So instead of closed, polarised and mutually-exclusive loops of information which service self-reinforcing pre-existing biases, we cultivate open, intersecting nodes of humble, critical, self-reflective engagement in which new information is able to come in from multiple perspectives, to every perspective.
3.3 Finding your power in the here and now
This enables deep, context-rich engagement across multiple disciplinary domains, across multiple issues, connecting dots. This endeavour seeks to navigate, using an axiomatic approach, the whole landscape of available data and experience to develop a whole systems body of insights that can be understood in their wider systemic context, rather than simply as disparate or haphazard issues or incidents.
The resulting body of insights is, then, held across multiple perspectives, with different insights being generated by different open nodes of information and sense-making. This total body of insights across multiple nodes and perspectives can then be leveraged to support the development of whole systems collective intelligence, underpinning the capacity for healthy decision-making and coherent action in the world that drives adaptive, evolutionary behaviours.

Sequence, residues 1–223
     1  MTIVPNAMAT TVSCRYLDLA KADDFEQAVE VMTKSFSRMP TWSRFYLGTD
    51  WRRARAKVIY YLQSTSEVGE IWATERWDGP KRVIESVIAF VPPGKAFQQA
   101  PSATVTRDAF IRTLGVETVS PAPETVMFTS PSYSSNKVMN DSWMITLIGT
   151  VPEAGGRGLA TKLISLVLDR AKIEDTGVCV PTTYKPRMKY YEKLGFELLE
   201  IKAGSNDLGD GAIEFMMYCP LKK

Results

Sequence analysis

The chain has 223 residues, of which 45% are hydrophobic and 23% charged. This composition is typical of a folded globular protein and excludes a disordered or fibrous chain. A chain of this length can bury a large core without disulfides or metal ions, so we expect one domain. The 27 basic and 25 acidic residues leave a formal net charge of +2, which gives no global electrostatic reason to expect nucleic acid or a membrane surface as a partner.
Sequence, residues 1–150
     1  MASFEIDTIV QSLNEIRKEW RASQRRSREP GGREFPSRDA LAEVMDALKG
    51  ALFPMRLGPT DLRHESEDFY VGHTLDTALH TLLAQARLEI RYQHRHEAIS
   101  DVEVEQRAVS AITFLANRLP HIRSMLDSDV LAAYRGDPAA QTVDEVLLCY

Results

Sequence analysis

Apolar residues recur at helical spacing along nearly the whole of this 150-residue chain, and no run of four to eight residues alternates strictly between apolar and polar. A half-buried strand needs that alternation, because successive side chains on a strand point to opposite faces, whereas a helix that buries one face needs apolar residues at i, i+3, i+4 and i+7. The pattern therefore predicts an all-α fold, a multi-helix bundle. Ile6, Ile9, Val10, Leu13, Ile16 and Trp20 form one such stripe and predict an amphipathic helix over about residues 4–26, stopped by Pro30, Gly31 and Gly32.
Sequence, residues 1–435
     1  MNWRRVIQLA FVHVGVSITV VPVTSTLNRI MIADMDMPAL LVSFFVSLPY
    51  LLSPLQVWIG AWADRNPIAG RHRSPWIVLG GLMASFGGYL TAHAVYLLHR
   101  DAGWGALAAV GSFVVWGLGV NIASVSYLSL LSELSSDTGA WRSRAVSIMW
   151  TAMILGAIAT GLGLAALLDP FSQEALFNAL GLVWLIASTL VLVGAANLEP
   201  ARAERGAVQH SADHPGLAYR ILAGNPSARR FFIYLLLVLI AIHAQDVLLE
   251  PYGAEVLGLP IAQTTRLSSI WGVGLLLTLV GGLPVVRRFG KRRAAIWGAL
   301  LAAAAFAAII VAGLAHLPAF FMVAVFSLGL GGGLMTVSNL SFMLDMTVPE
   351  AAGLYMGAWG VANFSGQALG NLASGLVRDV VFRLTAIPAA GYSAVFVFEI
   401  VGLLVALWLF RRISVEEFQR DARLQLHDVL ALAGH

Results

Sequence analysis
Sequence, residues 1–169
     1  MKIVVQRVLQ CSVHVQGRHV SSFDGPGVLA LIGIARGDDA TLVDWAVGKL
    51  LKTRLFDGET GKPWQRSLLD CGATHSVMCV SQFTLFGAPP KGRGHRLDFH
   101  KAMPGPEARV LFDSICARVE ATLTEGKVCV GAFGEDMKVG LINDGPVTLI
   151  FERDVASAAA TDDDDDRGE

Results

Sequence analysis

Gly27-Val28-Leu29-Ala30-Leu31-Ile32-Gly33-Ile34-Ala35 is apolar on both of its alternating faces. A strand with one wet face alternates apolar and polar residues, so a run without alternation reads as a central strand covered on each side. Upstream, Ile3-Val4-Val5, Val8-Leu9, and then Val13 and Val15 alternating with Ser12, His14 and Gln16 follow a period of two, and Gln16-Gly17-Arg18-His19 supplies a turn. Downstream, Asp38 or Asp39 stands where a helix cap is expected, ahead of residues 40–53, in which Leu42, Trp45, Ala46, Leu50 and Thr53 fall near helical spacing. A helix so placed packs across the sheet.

The imperative is to identify focal points where meaningful action can actually be taken – to work on those areas where we do retain power, rather than lamenting areas where we lack power. By leveraging insights to create change here and now, in our own bodies, minds, contexts and communities, we find our true power.
4. The ethical and spiritual dynamics of collective intelligence
Examining these contrasting approaches to closed loops and open nodes of cognition-behaviour unearths a number of critical insights. Noting that ethical values are ultimately signifiers of favourable and unfavourable behavioural patterns, and that these would reflect our ‘spiritual’ orientation, we can abstract some key ethical insights.
4.1 Inner and outer
Firstly, we remind ourselves that incoherencies at the macro scale are ultimately emergent from incoherencies at the micro scale. This means that when we see and are outraged at evil in the world – forms of deep incoherence which cause extensive suffering to other beings – these incoherencies are not simply monstrosities out there.